Since you are presenting your product to publishers next week, I am surprised they are not making you sign their NDA first, as they do in the filmmaking business, at least at the studio I deal with.

You can also approach a lawyer with an offer of payment conditionally based on whether you get the game sold to the publisher, and somebody may be able to do a rush job for you. However, lawyers are not in the habit of rushing anything unless they have to, and there is a good reason for that, one you should learn from.

It's about preparation. You are in sort of a legal 'crunch time'. If you are going to stay in this business, have you business act together, and build the documenatation base that supports you game business, as any prudent and professional game business entrepreneur has an obligation to do, if they don't want to get taken.

One of the things you can do in the immediate term is to call a lawyer, or, if you don't know one, call some business professional you trust and have them recommend one to you. Call that lawyer and ask if they are experienced in Intellectual Property matters. If they say yes, you are lucky, if they say no, then ask them if they can refer you to one and then tell them why.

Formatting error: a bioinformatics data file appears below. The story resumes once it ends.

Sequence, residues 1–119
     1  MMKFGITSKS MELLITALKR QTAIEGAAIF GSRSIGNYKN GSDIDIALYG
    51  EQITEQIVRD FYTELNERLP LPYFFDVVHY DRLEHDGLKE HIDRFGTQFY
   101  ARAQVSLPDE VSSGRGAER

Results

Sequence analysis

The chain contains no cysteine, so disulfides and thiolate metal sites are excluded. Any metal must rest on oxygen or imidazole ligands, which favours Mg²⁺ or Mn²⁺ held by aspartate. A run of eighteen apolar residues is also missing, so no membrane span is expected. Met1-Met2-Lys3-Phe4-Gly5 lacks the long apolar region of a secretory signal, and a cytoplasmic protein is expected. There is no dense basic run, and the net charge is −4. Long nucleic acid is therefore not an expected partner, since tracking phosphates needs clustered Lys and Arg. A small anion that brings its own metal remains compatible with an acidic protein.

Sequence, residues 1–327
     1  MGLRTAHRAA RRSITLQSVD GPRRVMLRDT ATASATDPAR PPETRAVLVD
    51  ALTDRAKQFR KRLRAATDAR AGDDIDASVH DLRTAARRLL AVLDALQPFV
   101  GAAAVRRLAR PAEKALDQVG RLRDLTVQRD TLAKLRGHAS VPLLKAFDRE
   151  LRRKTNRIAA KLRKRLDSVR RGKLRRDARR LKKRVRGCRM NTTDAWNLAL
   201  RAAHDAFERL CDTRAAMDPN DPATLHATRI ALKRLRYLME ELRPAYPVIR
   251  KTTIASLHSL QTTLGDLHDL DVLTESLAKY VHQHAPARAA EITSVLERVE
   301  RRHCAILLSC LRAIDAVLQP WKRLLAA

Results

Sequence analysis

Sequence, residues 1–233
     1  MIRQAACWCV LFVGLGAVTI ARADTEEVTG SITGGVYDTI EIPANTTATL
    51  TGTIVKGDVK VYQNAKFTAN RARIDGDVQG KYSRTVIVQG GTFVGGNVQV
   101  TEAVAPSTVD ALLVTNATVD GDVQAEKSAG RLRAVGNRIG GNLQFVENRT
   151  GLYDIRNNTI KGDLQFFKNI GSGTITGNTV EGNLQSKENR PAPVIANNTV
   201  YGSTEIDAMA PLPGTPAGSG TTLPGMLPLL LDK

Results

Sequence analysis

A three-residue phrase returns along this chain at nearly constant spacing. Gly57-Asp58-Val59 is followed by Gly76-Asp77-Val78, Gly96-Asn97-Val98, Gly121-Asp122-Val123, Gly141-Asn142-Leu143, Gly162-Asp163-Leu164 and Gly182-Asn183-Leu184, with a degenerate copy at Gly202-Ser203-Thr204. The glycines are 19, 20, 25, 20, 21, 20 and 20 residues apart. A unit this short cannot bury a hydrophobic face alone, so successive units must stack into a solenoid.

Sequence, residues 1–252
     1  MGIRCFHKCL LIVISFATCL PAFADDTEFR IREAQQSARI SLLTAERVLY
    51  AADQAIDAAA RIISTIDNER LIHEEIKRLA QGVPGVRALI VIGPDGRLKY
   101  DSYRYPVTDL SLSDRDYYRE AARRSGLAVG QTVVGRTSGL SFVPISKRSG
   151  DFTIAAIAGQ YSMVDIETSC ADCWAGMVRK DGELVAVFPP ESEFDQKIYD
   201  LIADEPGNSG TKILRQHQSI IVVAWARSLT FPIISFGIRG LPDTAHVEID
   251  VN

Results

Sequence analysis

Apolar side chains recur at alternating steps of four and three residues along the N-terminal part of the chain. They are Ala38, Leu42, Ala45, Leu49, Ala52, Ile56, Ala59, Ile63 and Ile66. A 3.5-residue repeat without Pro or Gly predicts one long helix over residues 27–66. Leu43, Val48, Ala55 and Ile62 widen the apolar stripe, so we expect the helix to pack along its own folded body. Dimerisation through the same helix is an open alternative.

The reason why is that you are going to do a quick and dirty, yet enforceable form of intellectual property protection known as "living copyright."

What this is, is that you talk to a lawyer you trust, and tell them, show them, and provide supplementary documentation (this is stuff you can do right of you DC burner and printer in no time at all) to them if they can take an immediate meeting, or courier or deliver it to them if they can't, and make an attorney who has the ability to sue a living witness to your sole and original authorship of the intellectual property in question *before* you see the publisher, so that at least a record is created in the lawyer's mind, if not on paper, that you are the original creator and copyright holder of the game data in question.

This way, if there is a problem with your intellectual property rights being violated, you have an attorney that is preinformed who can then become engaged for legal services that he knows he can get paid on because he knows he can win the case because he himself is the primary piece of evidence that your rights have been violated and you are due compensation.

If you are diligent and informative, you could probably have this done to the courier or meeting set up stage by noon on monday if you get up and start using the phone at the start of the business day.

Good luck. And remember the boy scout motto next time: be prepared. Also, to obey the law, I am going to tell you that I am not rendering legal advice here, and that you should consult a licensed and qualified attorney for your legal needs.


[edited by - adventuredesign on August 17, 2003 9:29:00 PM]